Inter fans have no reason to worry about the club going out of business, a leading Italian journalist and football finance expert assured today.
The Nerazzurri’s owners Suning are battling a number of financial difficulties at present, leading them to seek fresh investment in the form of new shareholders.
Reports in the Italian media have differed this week over how serious Inter’s problems could become, but according to Marco Bellinazzo, a reporter for business newspaper Il Sole 24 Ore, the worst-case scenario is nowhere close to becoming reality.
“Suning have two problems,” Bellinazzo explained in an interview with Radio Nerazzurra.
“They have the usual problems linked to their own accounts, which has been caused in part by poor investments, and then there are the Chinese government restrictions which are limiting their ability to export capital out of the country and cover Inter’s financial losses.
“But no matter how faithful they are to the orders coming from Beijing, Suning would never let Inter go bankrupt and if needed would invest the capital that the club needs.
“Nobody is crazy enough to drive under a company into which they’ve invested half a billion euros.
“At the moment they are preferring not to inject the capital themselves, partly because of the guidelines coming from China and partly because they’re trying to find new shareholders.
“Unfortunately, Inter have been hit with the COVID-19 pandemic just as they were right in the middle of their development as a club, during that period when costs increase but revenue doesn’t arrive until a little later on.”
Bellinazzo also provided clarity regarding Inter’s impending financial deadlines, which will oblige them to settle outstanding player salaries, maturing bonds and transfer instalments to other clubs within the next few weeks.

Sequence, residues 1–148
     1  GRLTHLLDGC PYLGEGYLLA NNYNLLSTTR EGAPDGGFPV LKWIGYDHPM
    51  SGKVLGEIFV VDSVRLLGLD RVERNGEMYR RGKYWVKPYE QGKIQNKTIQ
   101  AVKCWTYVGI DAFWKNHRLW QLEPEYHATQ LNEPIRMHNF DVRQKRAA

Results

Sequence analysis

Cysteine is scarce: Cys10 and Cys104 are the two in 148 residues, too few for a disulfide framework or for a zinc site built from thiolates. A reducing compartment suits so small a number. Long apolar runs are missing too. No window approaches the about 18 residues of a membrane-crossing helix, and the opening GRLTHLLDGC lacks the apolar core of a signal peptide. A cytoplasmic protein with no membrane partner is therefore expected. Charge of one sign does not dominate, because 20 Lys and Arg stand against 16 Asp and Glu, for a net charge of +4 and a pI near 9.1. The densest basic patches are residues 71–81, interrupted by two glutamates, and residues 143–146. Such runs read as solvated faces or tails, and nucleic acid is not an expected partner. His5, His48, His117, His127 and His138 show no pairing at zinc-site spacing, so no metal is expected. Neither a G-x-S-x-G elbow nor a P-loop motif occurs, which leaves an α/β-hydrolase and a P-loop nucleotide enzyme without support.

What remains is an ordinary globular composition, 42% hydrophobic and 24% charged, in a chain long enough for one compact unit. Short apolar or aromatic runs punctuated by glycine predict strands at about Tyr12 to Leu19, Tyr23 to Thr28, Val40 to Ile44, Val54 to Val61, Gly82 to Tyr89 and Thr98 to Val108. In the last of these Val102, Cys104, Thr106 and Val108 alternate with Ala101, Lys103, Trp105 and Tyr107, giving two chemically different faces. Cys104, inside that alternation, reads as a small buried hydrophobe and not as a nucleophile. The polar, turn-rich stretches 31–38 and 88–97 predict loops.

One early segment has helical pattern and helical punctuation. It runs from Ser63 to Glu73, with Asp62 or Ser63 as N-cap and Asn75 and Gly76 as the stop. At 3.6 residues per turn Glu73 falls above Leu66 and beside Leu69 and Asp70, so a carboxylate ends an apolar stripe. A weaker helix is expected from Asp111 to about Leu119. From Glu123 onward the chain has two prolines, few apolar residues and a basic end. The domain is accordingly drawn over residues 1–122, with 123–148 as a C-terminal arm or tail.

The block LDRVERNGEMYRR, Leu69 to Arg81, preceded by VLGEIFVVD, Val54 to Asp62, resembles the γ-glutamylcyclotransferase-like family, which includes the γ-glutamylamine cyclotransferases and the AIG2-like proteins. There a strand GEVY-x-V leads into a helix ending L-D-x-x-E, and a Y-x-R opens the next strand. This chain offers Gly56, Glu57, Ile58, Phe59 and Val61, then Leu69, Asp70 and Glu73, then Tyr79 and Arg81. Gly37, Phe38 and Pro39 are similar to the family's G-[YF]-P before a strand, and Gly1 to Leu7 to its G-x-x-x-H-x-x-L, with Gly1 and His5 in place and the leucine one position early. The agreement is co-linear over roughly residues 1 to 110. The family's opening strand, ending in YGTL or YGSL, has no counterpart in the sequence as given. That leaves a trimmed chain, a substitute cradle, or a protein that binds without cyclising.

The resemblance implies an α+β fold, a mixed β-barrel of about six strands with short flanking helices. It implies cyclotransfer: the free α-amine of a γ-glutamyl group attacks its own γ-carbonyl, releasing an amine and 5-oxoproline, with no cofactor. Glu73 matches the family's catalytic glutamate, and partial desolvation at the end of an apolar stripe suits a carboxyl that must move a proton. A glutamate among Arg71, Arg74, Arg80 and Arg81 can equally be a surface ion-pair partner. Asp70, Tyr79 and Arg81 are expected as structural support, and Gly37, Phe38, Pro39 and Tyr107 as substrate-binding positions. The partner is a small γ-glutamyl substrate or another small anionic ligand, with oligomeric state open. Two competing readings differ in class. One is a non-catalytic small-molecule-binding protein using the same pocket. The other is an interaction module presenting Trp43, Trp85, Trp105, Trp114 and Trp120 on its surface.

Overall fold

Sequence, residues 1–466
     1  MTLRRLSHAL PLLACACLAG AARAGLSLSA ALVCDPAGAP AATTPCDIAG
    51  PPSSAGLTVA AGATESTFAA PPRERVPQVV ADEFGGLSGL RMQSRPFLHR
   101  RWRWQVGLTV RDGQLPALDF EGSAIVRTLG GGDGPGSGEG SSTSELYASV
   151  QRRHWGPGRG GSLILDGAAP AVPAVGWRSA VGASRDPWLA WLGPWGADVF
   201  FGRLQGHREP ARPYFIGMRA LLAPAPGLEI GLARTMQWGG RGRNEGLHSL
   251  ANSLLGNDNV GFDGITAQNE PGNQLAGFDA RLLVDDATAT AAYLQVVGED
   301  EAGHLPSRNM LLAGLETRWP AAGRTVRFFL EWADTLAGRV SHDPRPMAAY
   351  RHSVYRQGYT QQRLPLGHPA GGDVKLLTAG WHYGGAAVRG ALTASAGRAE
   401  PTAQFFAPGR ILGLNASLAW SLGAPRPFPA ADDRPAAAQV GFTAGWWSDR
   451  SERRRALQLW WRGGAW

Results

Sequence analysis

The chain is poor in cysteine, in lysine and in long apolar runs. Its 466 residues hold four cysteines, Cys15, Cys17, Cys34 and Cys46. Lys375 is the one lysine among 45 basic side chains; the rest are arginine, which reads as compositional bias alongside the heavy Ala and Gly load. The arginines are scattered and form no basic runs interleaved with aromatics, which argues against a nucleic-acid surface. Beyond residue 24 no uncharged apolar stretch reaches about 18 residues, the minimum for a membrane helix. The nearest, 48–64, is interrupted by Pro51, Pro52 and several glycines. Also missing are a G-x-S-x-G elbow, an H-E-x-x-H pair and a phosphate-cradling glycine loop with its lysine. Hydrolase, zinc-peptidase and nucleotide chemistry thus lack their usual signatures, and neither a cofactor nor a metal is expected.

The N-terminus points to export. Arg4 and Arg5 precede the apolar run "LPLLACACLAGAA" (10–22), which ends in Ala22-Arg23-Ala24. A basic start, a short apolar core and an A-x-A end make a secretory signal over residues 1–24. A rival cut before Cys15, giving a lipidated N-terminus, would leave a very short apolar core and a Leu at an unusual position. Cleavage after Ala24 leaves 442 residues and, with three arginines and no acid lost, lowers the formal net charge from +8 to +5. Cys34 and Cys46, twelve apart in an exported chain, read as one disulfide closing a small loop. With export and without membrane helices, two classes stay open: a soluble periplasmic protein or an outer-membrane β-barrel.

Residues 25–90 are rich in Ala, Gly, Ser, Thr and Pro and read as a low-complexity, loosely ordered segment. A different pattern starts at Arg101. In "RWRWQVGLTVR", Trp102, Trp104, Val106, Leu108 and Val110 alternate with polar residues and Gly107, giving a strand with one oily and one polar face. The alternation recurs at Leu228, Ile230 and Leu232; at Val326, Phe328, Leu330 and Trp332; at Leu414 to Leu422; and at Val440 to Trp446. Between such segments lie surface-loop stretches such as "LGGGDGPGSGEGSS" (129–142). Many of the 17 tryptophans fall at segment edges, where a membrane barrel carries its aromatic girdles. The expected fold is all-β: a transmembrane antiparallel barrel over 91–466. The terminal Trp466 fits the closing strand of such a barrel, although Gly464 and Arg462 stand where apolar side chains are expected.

A report in Friday’s Corriere dello Sport even suggested Inter could risk exclusion from European competitions if they do not respect their obligations with UEFA.
“As far as salaries are concerned, the problem was partially solved by the Italian Football Federation allowing clubs to defer some payments until the end of May,” he explained.
“At that point Inter will need to have paid players their full salaries for this season, which is one of the reasons Suning need €150 million in fresh capital before then.
“By March 31, meanwhile, clubs that participate in UEFA competitions will have to settle all their disputes with tax authorities and issues relating to so-called transfer market debts.
“Inter are not listed on the stock exchange and therefore we don’t know the details here.
“There are debts that exist but, as they did with Real Madrid for Achraf Hakimi, clubs can agree to split the payment of transfer fees into instalments.
“So, unless there are any overdue debts, there are no problems – and we must consider that these are problems facing all clubs, not just Inter.
“UEFA are in fact keen to avoid handing out sanctions and heavy penalties during such a delicate period for all clubs.”
BC Partners, EQT, Ares Management, Arctos Sports Partners and Temasek Holdings are among the groups thought to be considering buying into Inter.
Suning are also studying an option that would see Fortress and Mubadala joint as minority shareholders in a consortium.